Remember that your run was out of peak hours in the U.K. and on continental motorways with skilled drivers – could you do it repeatedly in the peak here in the UK?

  2. I recently tried to reduce my mpg by setting my sat nav to buzz every time I reached 70mph on the motorway. It does work – I get about 40 miles extra on a tank but you can’t maintain that speed.

    The problem is you are too slow for the outside lane and get tailgated by people in a hurry while the middle lane is redundant because it’s filled up with lorries overtaking each other – in fact, even where there is a four lane section of motorway, like the M1 near Luton, lorries straddle the carriageway three abreast. Dual carriage ways are just as bad – try the A14 from the Midlands to the East coast.

    Furthermore, when there is a empty stretch of motorway, you can guarantee there will be someone hogging the middle lane whilst slow lane is vacant and then there are the road works – we all see them, miles after miles of road cones and three blokes leaning on a shovel…

    That’s to say nothing of traffic calming: two doesn’t go into one so why reduce road capacity by calming restrictions? All it does is create traffic jams which means cars burn more fuel because they are on the road longer – it’s simple really.

    I am not laying blame on any one group of drivers – goods have to be delivered etc. but general bad driving and lack of consideration for other road users prevents you maintaining a constant speed so that optimum mpg can be achieved.

    I reckon that it’s time for a radical re-think of transport in the UK. We can’t all run around in electric cars – the National Grid wouldn’t cope – and a bicycle is fine for local trips. I am not sure the proposed high-speed rail link is the answer either – it will affect more people making it than people who will benefit from it. I don’t see how the cost of building it can be justified either and think that the money would be better spent on more local Trams/Trains and lower-priced fares, rather than pampering to an elite group of overpaid people over indulging in self-importance.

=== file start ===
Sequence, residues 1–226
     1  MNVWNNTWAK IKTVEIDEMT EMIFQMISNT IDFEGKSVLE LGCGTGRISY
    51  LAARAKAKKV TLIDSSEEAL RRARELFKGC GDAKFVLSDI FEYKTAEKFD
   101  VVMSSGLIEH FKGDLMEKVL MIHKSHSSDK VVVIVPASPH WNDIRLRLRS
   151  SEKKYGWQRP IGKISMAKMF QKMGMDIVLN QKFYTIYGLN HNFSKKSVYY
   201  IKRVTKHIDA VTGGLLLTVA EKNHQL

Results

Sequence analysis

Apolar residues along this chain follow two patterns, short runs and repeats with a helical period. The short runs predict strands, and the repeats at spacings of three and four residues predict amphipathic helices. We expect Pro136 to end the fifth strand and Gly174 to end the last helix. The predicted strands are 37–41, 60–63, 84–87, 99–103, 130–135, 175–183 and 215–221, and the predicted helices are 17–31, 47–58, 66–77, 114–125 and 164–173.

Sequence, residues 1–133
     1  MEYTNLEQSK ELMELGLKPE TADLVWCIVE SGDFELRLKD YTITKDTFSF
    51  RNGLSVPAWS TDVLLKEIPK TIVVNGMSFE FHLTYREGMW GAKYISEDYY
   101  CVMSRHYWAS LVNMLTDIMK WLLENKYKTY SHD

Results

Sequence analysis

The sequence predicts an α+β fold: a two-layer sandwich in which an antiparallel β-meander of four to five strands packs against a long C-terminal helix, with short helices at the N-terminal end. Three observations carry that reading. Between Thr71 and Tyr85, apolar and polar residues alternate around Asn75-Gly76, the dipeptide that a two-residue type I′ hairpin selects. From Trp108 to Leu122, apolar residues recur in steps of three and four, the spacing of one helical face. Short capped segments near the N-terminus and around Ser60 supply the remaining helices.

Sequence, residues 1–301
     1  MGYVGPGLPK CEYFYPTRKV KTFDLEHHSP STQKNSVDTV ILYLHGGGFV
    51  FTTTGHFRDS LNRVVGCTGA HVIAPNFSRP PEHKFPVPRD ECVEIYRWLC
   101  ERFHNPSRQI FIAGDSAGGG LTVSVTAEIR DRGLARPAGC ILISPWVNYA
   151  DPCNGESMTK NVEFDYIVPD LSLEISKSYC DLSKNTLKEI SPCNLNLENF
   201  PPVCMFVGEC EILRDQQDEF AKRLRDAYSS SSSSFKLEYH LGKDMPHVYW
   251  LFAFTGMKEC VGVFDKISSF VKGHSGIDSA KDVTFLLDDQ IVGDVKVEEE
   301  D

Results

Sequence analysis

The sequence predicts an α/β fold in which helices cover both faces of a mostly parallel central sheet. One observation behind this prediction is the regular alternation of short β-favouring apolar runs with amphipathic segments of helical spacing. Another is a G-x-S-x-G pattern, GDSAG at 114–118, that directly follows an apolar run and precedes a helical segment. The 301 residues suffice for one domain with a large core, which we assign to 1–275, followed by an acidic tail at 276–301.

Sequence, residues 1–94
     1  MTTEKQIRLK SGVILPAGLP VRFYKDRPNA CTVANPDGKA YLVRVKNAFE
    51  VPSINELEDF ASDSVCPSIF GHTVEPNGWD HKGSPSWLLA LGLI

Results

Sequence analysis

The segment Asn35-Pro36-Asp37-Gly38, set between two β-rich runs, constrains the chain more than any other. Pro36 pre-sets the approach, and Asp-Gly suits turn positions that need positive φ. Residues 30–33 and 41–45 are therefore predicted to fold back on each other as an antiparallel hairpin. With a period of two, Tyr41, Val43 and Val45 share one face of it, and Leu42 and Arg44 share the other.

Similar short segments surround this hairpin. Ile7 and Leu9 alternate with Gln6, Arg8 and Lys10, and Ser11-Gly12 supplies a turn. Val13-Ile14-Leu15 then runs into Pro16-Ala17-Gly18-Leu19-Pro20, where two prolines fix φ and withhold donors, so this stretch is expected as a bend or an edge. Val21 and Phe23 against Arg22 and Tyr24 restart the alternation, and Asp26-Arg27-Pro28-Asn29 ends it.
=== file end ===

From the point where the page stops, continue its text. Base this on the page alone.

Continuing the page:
Anyway, back to gas guzzling cars, has any one else seen an Aston Martin DBS in ‘Gulf Racing’ colours being driven hard around the Gaydon area recently – it really does look good in a 1960s Le Mans sort of way!

  3. I have been getting 54-55mpg from my C3 whilst “keeping up with” M40 traffic and getting wound up with dithering middle-lane wanderers, people without signals and so forth without the hypermiling. However, I decided on a run up to Darlington to chill out and just set the cruise control at 70/50 for roadworks – which I do anyway.

    I got to Leeming Bar services with the light just on and the average was 68.8mpg. Admittedly, my momentary elation at that was lost when I saw the 149.9p rip-off price for diesel there – the next one was 139.9p, only a couple of miles or so later. However, it returned when I got into Darlington unstressed AND 10 minutes earlier than planned.

    Cruise control and speed limiters should be mandatory (as in, user-controlled speed limiters like that on the C3, where you set the speed and enable/disable the limiter). Indeed, with distance-sensing cruise, I wouldn’t even get annoyed with the lorries/people who sit in the blind spot whilst not actually overtaking. What really helps with the jams, the ecology and safety is calmer, happier drivers…

  4. I wonder what your average speed was, Keith? I can get 55mpg average from my VW Touran 1.9 diesel, but only if I keep under 65 mph on the motorway and use the cruise control where possible. Once, on holiday in the Pyrenees, I averaged 72mpg – after a 10-mile downhill descent!